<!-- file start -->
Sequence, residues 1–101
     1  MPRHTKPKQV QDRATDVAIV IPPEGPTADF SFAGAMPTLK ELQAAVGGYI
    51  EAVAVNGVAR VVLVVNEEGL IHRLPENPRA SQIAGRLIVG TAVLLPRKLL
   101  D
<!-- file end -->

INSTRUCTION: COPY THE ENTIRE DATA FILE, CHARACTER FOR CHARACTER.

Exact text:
Sequence, residues 1–101
     1  MPRHTKPKQV QDRATDVAIV IPPEGPTADF SFAGAMPTLK ELQAAVGGYI
    51  EAVAVNGVAR VVLVVNEEGL IHRLPENPRA SQIAGRLIVG TAVLLPRKLL
   101  D